Law enabling churches to ban nearby liquor sales nears high court test

Should churches be able to veto the presence of liquor establishments in their neighborhoods? This question -- about which there has been considerable disagreement between the Massachusetts and federal judiciary (and even within the latter) -- may be heading for the US Supreme Court.

At issue is a controversial Bay State law empowering churches to block issuance of liquor licenses to establishments within 500 feet of their property.

A three-judge federal appeals court, in a 2- to-1 decision, struck down the measure on grounds it violates the US Constitution's prohibition of government powers to private parties.

This ruling follows a seesaw pattern of decisions on the issue. Last August, the Massachusetts Supreme Judicial Court unanimously upheld the constitutionality of the church veto measure. Less than two weeks later, a federal district court judge struck down the law. Last April, a three-judge federal appeals court overturned his ruling by a 2-to-1 margin. On July 28 the court reversed itself, again by 2 to 1, and ruled that the statute was unconstitutional.

An appeal of the verdict in the US Supreme Court is now being readied by state Attorney General Francis X. Bellotti, whose policy has been to defend, as far as possible, challenged Massachusetts laws.

Other states with similar measures, which could be put in jeopardy by the federal court of appeals ruling, may be asked to join in the effort to have the matter resolved by the nation's highest court.

A similar law in Michigan was upheld in 1975 by a Michigan state court of appeals, according to Gerald Caruso, a Bellotti assistant who has been handling the current Bay State litigation.

If the latest court ruling is not challenged, it could be a lot easier for liquor stores and bar rooms to open in close proximity to churches and schools throughout the commonwealth. Officials of these religious and educational institutions still could object to the issuance of alcoholic beverage permits, but could no longer exercise a veto over them.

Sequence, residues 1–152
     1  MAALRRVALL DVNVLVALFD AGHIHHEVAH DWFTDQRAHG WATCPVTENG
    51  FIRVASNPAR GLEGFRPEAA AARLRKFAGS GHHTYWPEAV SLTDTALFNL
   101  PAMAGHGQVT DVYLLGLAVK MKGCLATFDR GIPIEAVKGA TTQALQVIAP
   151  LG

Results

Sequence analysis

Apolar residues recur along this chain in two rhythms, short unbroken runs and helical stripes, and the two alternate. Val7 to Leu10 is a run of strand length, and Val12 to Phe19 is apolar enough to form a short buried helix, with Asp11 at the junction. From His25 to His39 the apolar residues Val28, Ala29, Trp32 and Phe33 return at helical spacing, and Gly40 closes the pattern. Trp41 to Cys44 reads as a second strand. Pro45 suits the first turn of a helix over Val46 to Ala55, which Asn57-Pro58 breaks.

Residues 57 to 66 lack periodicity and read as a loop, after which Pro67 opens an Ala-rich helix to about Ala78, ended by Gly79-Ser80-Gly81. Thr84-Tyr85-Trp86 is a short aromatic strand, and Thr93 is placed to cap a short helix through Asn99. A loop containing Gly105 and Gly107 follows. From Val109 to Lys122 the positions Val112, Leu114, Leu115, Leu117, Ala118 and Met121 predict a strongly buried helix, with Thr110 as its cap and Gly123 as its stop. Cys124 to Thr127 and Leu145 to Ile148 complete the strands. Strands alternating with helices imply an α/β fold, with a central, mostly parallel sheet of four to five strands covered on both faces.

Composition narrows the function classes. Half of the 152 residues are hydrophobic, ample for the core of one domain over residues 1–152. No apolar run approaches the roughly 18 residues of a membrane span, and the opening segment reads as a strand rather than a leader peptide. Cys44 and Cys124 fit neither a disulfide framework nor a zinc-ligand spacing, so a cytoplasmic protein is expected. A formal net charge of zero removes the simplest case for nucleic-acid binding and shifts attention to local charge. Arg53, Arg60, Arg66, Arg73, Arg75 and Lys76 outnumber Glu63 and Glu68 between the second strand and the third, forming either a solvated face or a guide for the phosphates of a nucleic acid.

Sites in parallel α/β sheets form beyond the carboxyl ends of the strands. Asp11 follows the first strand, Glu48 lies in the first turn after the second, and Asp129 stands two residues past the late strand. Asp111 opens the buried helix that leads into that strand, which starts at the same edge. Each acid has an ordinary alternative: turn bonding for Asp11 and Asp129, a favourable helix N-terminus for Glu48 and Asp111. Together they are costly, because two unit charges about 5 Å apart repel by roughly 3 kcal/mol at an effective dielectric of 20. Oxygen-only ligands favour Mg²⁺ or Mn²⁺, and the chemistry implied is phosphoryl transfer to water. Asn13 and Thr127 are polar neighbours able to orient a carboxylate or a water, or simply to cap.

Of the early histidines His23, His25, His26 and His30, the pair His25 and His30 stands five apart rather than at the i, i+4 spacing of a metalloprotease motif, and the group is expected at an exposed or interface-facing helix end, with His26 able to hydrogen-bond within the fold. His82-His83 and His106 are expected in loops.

Prior to 1969, Massachusetts had a flat ban on the granting of liquor licenses within 500 feet of a church or school. However, it was changed to permit such licenses if officials of the nearby religious or educational institution had no objections in a specific instance. To exercise a veto, the church or school was required to advise in writing their position to the local liquor licensing board.

If the previous law were still in effect, a challenge on constitutional grounds could not prevail since there would be no vesting of discretionary authority in churches.

The commonwealth could presumably reenact the original law blocking all new liquor licenses within a certain distance of a church or school. Prospects for such legislation, however, are uncertain, because it would considerably restrict the authority of licensing boards and applicants for alcoholic beverage permits.

In the meantime, unless the appeals court ruling is reversed, liquor establishments could be allowed to open wherever they want in the commonwealth, providing local licensing authorities give their consent. This would be despite any objections from officials of nearby churches who will have a right to be heard but will have no veto.

The Massachusetts litigation, initiated by a Cambridge restaurant, disputes the right of the nearby Holy Cross Armenian Catholic Church to prevent issuance of a liquor license as it has done for the past 11 years.

The restaurant contends that it has been unfairly discriminated against since there are 26 liquor establishments within 500 feet of the church, and the issuances of these licenses was not vetoed by church officials.

In its majority decision overturning the Bay State law, the federal appeals court cited the First Amendment prohibition against establishment of a state religion, and held that the veto measure "has a primary or principal effect on advancing religion." The fact that schools also may exercise such authority to block a liquor license did not influence the religious classification, the court said.

In last August's federal district court ruling rejecting the statute as unconstitutional, Judge Joseph L. Tauro held that it "provides the potential for abuse," adding "public money and public power may not be used, if the primary effect of that use is to advance churches as religious institutions."

Massachusetts church leaders, while voicing disappointment over the appeals court decision, have declined to speculate what its impact might b e.

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